As for Tailgunner Bill Quick, apart from the desire to respond with some instructions of Anglo-Saxon origin about what to do with himself, I wonder if his comments don't show the "warblogs"--and I use that word in exactly the derogatory sense that Matt Welch was predicting a while ago--beginning to slide into talk radio irrelevance.

This is not to say that he's not wrong and doesn't deserve to be called bullshit on, but he's preaching to the choir and only to the choir at this point. He pretty much has to be, because who among us traitors has so little self-respect as to listen? I live in a place where Quick-like opinions about Iraq and liberals may be mainstream, but it's still unfashionable to call people traitors in public. That's just alienating to people in the middle.

Oliver Willis talks about the echo chamber; I think Quick is in one, and he's letting his personally rabid nature and the rabid nature of his audience drive him over the top and around the bend. Will Bush and company use the same sort of talk on the mainstream? If they can get it to work--but if it polls badly, I suspect they'll move on to the next tactic.

Maybe I'm a hopeless optimist, but Quick's America (or at least American)-hating doesn't seem like something you can sell long-term to the middle. At least I hope it's not.

Jim Henley ::: (view all by) ::: October 03, 2002, 12:19 PM:

Patrick, a Q: In your view, is there also a thoughtless center to go with the thoughtful one?

Daryl McCullough ::: (view all by) ::: October 03, 2002, 12:22 PM:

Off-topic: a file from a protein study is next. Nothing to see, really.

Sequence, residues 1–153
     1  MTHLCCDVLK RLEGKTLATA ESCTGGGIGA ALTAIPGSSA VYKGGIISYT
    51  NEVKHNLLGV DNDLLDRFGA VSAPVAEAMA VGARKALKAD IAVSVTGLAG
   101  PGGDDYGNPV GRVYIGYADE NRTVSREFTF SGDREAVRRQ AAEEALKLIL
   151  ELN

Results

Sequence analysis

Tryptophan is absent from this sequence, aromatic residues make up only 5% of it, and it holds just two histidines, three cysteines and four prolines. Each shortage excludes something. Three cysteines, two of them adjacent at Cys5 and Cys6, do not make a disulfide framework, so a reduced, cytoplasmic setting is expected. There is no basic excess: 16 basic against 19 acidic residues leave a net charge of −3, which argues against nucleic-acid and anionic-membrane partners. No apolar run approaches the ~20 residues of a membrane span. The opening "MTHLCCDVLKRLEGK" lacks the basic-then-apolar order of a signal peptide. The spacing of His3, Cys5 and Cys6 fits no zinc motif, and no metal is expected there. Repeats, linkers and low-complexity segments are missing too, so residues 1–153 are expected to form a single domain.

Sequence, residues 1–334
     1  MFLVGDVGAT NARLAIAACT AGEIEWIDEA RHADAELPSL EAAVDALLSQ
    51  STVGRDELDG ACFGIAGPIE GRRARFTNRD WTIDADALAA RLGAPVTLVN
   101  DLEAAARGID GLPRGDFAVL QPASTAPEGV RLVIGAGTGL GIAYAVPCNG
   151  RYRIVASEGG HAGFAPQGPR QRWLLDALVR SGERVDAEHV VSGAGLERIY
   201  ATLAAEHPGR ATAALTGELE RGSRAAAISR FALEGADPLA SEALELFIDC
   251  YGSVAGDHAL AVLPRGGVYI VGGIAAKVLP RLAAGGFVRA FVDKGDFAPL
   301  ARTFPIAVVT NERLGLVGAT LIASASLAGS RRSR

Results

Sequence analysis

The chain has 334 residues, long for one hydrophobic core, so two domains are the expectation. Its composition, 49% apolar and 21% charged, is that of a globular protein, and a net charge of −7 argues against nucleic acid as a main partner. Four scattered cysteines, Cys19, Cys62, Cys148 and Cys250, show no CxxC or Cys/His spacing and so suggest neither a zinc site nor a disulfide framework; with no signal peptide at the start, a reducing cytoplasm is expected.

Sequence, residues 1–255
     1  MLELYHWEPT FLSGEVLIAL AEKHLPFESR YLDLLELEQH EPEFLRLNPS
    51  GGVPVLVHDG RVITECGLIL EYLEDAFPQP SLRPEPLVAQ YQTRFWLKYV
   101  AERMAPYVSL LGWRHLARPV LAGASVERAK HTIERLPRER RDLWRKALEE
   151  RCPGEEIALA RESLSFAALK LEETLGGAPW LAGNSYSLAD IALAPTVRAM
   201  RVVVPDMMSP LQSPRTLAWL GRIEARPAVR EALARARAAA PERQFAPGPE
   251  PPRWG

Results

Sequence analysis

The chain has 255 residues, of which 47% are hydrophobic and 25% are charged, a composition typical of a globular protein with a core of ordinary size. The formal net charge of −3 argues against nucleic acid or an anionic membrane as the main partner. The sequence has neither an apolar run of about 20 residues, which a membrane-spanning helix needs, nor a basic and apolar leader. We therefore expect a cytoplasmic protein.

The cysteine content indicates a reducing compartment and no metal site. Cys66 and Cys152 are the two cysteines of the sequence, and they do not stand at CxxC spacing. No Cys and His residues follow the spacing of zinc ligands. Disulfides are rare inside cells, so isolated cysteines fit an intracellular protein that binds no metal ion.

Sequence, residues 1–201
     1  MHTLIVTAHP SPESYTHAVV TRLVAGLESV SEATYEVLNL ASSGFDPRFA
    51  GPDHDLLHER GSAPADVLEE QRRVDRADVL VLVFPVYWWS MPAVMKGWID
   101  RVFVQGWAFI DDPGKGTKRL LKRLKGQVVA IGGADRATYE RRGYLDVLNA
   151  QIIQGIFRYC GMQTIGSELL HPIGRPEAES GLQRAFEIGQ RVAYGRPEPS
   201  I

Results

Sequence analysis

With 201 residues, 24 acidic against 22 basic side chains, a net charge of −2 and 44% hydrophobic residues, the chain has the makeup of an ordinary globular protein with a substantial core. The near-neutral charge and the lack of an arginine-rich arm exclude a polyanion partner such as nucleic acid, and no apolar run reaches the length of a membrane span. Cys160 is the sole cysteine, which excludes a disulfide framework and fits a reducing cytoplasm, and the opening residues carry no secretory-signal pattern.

"Sawicky keeps hinting that he holds some deeply conservative social views"

He's already told us: He thinks Snoop Doggy Dog (actually, I think Mr. Dog might be dropping the redundant middle "Doggy" nowadays) is a piece of shit. Presumably, he thinks about the same of other rappers (although he consider's Dylan's "Subterranean Homesick Blues" to be a good rap song).

Charles Kuffner ::: (view all by) ::: October 03, 2002, 04:43 PM:

Jim asks "is there also a thoughtless center to go with the thoughtful one?"

Well, I'm not Patrick, but I have an opinion on this: Yes, the "thoughtless center" is mostly made up of the folks who, after umpteen months of campaigning and three televised debates, were still undecided in the Presidential election in October of 2000.

Yes, there are people who had honest and thoughtful reasons to dither (even Mickey Kaus). Those who were leaning one way or the other based on who would be a better beer-drinking buddy are not among them.

Patrick Nielsen Hayden ::: (view all by) ::: October 03, 2002, 07:08 PM:

Jim: good question. And: an answer!

The "thoughtless center" wouldn't be people who waffle. Rather, it would be people who believe the truth must be at some central point between what they suppose to be the "extreme" positions. We've all seen people who delegate their reasoning powers to this kind of easily-gamed methodology.

Great post, Ginger, and good to see you still around.

Jim Henley ::: (view all by) ::: October 03, 2002, 08:05 PM:

But does it sound like she's having as much fun as a right winger?

Patrick Nielsen Hayden ::: (view all by) ::: October 03, 2002, 08:29 PM:

Probably not. After all, there's so much weary work for the modern liberal to do. Corrupting the youth of Athens, making the weaker argument defeat the stronger...why, our gay-recruitment efforts alone entail two evening meetings a week. Who has time for fun?

Your DaquiriPundits and your Undigested Offerings, they have their fun, but who does the hard work of confiscatory taxation that builds your Internet, sonny boy? And comb your hair, it looks like a rat's nest.

Kevin J. Maroney ::: (view all by) ::: October 03, 2002, 11:00 PM:

And comb your hair, it looks like a rat's nest.

Hey! I resemble that remark!